UC San Diego was awarded more than $500,000 Friday for a three-year project to develop and deploy an electromagnetic system in an effort to access more natural gas for energy use.
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The grant from the U.S. Department of Energy is part of a program to unlock methane hydrates - ice-lattice structures found in permafrost both onshore and offshore along the continental shelf - that contain extractable natural gas.
Testing earlier this year on the North Slope of Alaska showed that the gas can be removed safely, according to the agency.
"The Energy Department's long term investments in shale gas research during the 70s and 80s helped pave the way for today's boom in domestic natural gas production that is strengthening U.S. energy security while creating thousands of American jobs," said Energy Secretary Steven Chu.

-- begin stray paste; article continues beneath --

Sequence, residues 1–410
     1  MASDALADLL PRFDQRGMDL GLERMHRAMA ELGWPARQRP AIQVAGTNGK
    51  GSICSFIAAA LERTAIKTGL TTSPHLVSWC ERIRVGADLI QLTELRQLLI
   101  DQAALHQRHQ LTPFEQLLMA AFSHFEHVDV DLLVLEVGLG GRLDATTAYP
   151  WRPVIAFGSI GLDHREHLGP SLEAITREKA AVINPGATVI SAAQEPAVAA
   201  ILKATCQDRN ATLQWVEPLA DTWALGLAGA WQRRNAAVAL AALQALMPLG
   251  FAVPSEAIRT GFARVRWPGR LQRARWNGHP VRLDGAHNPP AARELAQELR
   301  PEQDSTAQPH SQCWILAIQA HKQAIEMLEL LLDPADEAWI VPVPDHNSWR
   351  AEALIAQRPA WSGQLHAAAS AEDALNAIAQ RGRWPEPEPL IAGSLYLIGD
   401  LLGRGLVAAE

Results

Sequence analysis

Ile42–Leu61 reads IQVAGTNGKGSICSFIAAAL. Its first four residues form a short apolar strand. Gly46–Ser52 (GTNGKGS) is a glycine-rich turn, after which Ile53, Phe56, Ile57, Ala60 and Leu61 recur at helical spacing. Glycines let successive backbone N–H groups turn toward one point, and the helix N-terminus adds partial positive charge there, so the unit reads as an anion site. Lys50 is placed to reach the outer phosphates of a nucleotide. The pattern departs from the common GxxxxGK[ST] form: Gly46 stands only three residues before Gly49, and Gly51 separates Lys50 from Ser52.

He said research might yield significant new supplies of natural gas and expand the U.S. energy supply, but just how much gas is available still needs to be studied.
Before gas hydrates become commercially viable, their role in the environment needs to be studied, and it has to be determined if they can be extracted in an environmentally responsible way, Chu said.
The system developed by UCSD will determine the extent of permafrost on the shelf of the Beaufort Sea off the northern part of Alaska.
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